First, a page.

If the softness of vinyl flooring appeals to you most, you might opt for cushioned vinyl flooring, which is backed with a layer of foam (standard sheet vinyl uses felt backing).
Sounds good, but that extra cushiness makes it hard to create seams that stay tightly bonded over time. You may end up with seams that come apart, letting in moisture and trapping dirt.

Sheet vinyl comes in many colors and patterns. Thicker vinyl can feature a textured surface, and some types do an excellent job of mimicking the appearance of ceramic tile and real stone. Textured vinyl is a wise choice because it provides traction. Vinyl can be dangerously slippery when wet.

Vinyl flooring also has a wear layer that helps resist scratches and scuff marks. But it does eventually wear off. The best brands offer guarantees on the wear layer of 10 to15 years, and good quality vinyl should last 20 years.

Cost: $1 to $5 per sq. ft. Installation: $1 to $2 per sq. ft.

Don’t confuse vinyl with linoleum. While linoleum is a similar product, it is not as durable, nor as soft. Its upside is its eco-friendliness.
Porcelain Tile is Ideal When:

  • You want the toughest flooring.
  • You like the look of stone.
  • You want low maintenance.

Porcelain flooring tile, a version of common ceramic tile, is the durability champ. It’s fired at high temperatures that produce an extremely hard, durable, stain-resistant tile that is impervious to moisture.
In fact, it’s so tough it can be used outdoors in virtually any climate. 

Like common ceramic tile, porcelain tile comes either unglazed or glazed. The unglazed versions take on the color of their clay mixture, so they have naturally earthy tones.

Glazed tiles have a glass-like coating that can be made in virtually any color, and can mimic the look and texture of real stone at a much lower cost than stone.

Make sure you choose porcelain tiles certified as slip-resistant by the Americans with Disabilities Act — the designation should be visible on product literature or packing materials.

Cost: $1 to $20 per sq. ft. Installation: $5 to $10 per sq. ft.

Cork Flooring is Ideal When:

  • You want an eco-friendly choice.
  • You want a softer floor than wood or tile.
  • You want slip-resistance.

Cork is made from tree bark that’s harvested every eight to 10 years; it’s a sustainable material, meaning the bark grows back and can be harvested repeatedly.
Countries that produce cork are careful to regulate harvesting to ensure future supplies.

Cork has a unique cellular structure that’s waterproof and compressible, which makes it a comfortable, moisture-resistant choice. It comes in 12-inch-by-12-inch tiles and 1-foot-by-3-foot planks, each with a unique grain pattern of swirls and speckles.
The surface is naturally textured, which makes it slip-resistant.

But unlike other flooring options mentioned, cork floors need to be resealed every three to four years to help guard against scratches and prevent moisture from entering the seams between tiles.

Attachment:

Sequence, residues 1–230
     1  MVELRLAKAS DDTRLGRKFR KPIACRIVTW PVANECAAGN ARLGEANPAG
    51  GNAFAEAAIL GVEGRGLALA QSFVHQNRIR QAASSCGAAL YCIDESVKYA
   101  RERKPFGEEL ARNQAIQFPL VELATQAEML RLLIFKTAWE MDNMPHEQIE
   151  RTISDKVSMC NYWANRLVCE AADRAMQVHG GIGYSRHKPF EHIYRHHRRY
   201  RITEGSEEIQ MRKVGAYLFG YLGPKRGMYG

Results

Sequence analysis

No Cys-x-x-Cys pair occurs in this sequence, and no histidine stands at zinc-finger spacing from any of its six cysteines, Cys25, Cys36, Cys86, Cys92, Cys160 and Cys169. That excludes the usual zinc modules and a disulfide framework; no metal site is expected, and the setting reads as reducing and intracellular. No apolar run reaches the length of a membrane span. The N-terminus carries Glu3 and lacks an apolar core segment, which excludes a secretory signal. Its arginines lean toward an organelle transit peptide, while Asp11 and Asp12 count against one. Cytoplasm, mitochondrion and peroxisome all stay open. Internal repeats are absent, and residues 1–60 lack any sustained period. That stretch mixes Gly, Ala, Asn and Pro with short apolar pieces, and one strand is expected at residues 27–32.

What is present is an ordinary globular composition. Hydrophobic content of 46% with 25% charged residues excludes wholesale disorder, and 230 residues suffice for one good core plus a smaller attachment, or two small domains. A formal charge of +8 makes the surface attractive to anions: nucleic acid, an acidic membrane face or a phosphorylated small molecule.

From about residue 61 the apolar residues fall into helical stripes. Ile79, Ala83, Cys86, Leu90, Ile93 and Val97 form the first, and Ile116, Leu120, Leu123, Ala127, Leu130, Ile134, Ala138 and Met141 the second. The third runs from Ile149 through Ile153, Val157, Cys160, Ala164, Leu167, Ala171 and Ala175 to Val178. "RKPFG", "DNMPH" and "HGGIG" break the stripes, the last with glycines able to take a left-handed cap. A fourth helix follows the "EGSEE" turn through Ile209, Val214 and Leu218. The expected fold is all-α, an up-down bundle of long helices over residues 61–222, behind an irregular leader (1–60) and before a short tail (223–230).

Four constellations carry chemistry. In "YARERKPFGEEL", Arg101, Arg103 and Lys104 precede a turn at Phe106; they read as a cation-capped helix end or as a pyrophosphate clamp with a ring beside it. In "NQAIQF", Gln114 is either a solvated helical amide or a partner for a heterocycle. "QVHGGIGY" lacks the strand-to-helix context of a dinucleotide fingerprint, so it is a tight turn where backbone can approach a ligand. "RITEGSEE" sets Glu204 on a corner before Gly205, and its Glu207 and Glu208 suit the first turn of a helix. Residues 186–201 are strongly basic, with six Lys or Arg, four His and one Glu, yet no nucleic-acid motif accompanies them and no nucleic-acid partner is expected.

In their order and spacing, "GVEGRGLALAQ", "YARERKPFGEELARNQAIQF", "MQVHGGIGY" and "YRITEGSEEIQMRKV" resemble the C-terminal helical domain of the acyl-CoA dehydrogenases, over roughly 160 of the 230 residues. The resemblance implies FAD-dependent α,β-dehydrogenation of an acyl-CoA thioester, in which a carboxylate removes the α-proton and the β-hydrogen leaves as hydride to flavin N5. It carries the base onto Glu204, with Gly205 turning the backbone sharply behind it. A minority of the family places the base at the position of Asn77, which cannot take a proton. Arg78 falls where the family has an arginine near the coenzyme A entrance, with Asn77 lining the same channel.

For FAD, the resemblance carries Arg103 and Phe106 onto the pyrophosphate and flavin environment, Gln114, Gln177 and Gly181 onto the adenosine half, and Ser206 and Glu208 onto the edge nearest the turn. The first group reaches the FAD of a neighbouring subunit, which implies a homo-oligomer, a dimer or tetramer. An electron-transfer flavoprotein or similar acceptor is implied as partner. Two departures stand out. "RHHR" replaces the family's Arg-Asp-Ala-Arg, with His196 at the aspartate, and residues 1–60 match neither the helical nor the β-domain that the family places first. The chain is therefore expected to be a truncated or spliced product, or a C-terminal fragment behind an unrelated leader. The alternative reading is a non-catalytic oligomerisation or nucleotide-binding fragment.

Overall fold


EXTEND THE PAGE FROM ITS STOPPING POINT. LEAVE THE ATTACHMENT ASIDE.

Both natural wax and polyurethane are good sealers for cork. Choose water-based polyurethane that’s non-toxic or has low volatile organic compound content to keep it green.

Cost: $2 to $6 per sq. ft. Installation: $5 to $10 per sq. ft.


Kitchen Remodeling Decisions You’ll Never Regret

White: Your Kitchen’s Best Friend (And Yours)

Funky Floors slideshow

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7 Smart Strategies for Kitchen Remodeling

Follow these seven strategies to get the most financial gain on your kitchen remodel.

A significant portion of kitchen remodeling costs may be recovered by the value the project brings to your home. Kitchen remodels in the $50,000 to $60,000 range recoup about 74% of the initial project cost at the home’s resale, according to recent data from Remodeling Magazine’s Cost vs. Value Report.

A minor kitchen remodel of about $19,000 does even better, returning more than 82% of your investment.

To maximize your return on investment, follow these seven strategies to keep you on budget and help you make smart choices.
1. Plan, Plan, Plan

Planning your kitchen remodel should take more time than the actual construction. If you plan well, the amount of time you’re inconvenienced by construction mayhem will be minimized. Plus, you’re more likely to stay on budget.
How much time should you spend planning? The National Kitchen and Bath Association recommends at least six months. That way, you won’t be tempted to change your mind during construction and create change orders, which will inflate construction costs and hurt your return on investment.
Some tips on planning:
Study your existing kitchen: How wide is the doorway into your kitchen? It’s a common mistake many homeowners make: Buying the extra-large fridge only to find they can’t get it in the doorway. To avoid mistakes like this, create a drawing of your kitchen with measurements for doorways, walkways, counters, etc. And don’t forget height, too.

Think about traffic patterns: Work aisles should be a minimum of 42 inches wide and at least 48

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inches wide for households with multiple cooks.